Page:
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Sept. 16, 2014: We've scoured the Web to find the best and most compelling animal stories, videos and photos. And it's all right here.
At 2 months old, an endangered female Amur tiger cub at the Indianapolis Zoo is active and feisty. Her keepers say she loves playing with her mom, Andrea, and they’ve spotted her working on her stalking moves. She’s more than tripled her weight since she was born on July 10 to first-time parents Andrea and Petya. The adorable cub is staying off exhibit with her mom for now, and the zoo is asking for your help with deciding on her name. The choices are Chudo (pronounced CHEW-da), which means "miracle"; Shoomka (pronounced SHUM-ka), meaning "noisy"; or Zoya (pronounced ZOY-a), which means "life." If you “like” the zoo’s Facebook page, you can vote for your favorite daily through Sept. 26. — Read it from the Indianapolis Zoo and see more cute zoo baby photos
The owners of 10-year-old George the goldfish have gone the extra mile to take care of him. When they noticed he was sick, they rushed him to the Lort Smith Animal Hospital in Melbourne, Australia. There, he was diagnosed with a life-threatening tumor, and Dr. Tristan Rich, an exotic wildlife specialist, said he could perform never-before-done surgery to remove it. Last week, George was put in a bucket of ice water with an anesthetic, and the vet then placed a tube with water, oxygen and anesthetic in the fish’s gills while he removed the tumor. He used tissue glue that’s used on humans instead of sutures, gave George antibiotics and painkillers, and placed him in a clean bucket of water. Not long after the 45-minute surgery, George was swimming and breathing again. — Read it at Time
Scientists at the Massachusetts Institute of Technology (MIT) have created an algorithm to mimic the bounding motion that helps the cheetah to be the fastest land animal. Cheetahs can accelerate to 60 mph in just a few seconds. They pump their legs in tandem until they reach a full gallop. Researchers at MIT estimate their robotic version of the animal may eventually reach speeds of 30 mph. "Bounding is like an entry-level high-speed gait, and galloping is the ultimate gait," says Sangbae Kim, an associate professor of mechanical engineering at MIT. "Once you get bounding, you can easily split the two legs and get galloping." The details of the bounding algorithm will be presented this month at a robotics conference in Chicago. The research is supported by the Defense Advanced Research Projects Agency. — Read it at Science Daily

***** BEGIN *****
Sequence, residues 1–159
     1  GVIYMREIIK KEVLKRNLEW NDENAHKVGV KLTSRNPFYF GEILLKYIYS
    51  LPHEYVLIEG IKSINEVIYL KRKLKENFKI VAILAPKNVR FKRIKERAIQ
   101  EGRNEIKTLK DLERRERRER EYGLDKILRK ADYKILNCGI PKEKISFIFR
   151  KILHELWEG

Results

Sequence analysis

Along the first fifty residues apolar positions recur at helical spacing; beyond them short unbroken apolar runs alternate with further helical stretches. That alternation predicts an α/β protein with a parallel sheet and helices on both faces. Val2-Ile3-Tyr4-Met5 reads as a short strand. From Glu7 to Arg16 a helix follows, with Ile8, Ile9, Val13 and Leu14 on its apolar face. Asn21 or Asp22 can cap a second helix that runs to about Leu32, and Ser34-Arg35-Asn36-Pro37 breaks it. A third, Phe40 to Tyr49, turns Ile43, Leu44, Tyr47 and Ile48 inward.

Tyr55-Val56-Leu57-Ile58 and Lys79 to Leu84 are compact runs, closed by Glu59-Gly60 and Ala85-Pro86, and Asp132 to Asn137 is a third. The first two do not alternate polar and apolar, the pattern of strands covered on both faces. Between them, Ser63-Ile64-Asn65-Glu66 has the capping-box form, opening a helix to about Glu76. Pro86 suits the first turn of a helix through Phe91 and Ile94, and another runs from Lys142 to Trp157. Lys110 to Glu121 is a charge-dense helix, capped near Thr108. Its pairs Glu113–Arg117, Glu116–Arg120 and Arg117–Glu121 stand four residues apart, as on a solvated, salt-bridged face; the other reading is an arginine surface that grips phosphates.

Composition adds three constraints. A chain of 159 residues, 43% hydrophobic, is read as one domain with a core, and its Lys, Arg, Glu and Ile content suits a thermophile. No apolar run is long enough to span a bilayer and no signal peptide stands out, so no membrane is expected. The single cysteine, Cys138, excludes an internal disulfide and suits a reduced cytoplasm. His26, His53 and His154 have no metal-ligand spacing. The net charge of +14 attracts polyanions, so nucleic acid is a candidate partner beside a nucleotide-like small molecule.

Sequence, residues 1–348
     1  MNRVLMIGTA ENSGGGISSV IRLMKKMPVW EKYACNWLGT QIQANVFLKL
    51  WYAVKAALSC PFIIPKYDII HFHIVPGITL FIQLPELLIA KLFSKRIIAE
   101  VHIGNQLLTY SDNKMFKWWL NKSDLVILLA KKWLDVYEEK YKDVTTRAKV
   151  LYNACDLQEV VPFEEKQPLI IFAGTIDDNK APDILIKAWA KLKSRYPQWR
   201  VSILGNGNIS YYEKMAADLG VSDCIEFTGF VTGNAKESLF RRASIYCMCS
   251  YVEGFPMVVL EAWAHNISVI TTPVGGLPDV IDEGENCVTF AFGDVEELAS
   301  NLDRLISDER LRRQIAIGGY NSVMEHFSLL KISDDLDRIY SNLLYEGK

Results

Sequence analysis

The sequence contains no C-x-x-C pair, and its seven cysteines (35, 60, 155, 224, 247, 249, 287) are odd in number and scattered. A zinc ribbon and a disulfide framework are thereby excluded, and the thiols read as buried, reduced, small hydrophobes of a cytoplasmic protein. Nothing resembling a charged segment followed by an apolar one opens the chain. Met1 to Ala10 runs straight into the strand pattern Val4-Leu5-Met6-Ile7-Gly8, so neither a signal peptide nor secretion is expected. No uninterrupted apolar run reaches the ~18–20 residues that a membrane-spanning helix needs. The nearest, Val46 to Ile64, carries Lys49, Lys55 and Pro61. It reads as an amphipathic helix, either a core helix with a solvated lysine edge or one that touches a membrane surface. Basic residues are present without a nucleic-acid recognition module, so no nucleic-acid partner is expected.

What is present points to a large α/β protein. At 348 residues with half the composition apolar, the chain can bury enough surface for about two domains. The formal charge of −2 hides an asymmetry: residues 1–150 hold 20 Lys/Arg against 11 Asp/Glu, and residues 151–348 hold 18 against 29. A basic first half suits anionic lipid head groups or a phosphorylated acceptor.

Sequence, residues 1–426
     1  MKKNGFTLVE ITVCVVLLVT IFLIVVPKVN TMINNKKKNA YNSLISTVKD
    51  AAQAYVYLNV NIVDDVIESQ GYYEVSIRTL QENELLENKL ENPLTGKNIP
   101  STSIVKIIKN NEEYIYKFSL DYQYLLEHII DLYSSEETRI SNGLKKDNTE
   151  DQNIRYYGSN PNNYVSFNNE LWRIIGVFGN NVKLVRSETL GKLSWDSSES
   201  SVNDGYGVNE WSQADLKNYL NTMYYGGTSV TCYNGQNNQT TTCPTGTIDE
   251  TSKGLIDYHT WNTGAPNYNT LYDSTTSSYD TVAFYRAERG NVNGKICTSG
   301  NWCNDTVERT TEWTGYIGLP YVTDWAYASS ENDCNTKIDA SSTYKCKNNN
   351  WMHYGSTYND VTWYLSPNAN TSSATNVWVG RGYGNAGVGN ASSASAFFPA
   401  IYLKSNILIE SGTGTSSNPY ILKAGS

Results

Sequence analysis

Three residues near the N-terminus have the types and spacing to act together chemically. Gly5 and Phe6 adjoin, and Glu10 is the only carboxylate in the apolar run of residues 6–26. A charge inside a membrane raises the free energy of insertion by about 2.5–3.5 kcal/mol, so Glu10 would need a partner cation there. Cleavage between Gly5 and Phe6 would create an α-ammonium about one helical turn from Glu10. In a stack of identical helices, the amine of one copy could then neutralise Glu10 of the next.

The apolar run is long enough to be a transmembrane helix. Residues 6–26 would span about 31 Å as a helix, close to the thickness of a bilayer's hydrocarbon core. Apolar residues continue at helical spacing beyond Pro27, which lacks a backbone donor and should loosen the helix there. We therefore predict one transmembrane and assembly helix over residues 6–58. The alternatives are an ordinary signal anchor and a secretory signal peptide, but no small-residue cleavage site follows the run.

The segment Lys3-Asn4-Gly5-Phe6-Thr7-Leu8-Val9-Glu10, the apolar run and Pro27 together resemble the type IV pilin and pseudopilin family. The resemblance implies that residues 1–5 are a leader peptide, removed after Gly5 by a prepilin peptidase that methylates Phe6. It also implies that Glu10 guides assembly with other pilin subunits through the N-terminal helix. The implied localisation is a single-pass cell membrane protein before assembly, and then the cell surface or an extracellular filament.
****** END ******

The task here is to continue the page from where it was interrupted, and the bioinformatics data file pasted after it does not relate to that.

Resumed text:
During a southern California heat wave with temperatures topping 100 degrees, a backyard pool in Sierra Madre proved too enticing for this bear to pass up Sunday afternoon. “This is unreal,” the homeowner says in a video of the bear’s swim. “How awesome is that?”In the footage, the bear sits peacefully on the steps of the pool before swimming to another set of steps and eventually getting out and wandering off. He stayed in the water for about 15 minutes. This is the first time homeowner Thomas See has seen a bear go for a swim in his pool. — Watch it at NBC Los Angeles
Tourists and their guides on a Bar Harbor Whale Watching Company boat were the first to spot a humpback whale in trouble Friday. The massive whale was dangerously entangled in fishing gear. "It was actually completely stationary,” said Carol Jayez, a passenger on the boat. “We saw the spout come up. We saw part of the back and part of the tail rising up above the water, but it wasn't moving.” Authorities from the Maine Marine Patrol arrived a couple of hours later and worked until dark to remove the gear. They returned Saturday morning, and by that afternoon, the whale was free. — Watch it at Maine’s WCSH
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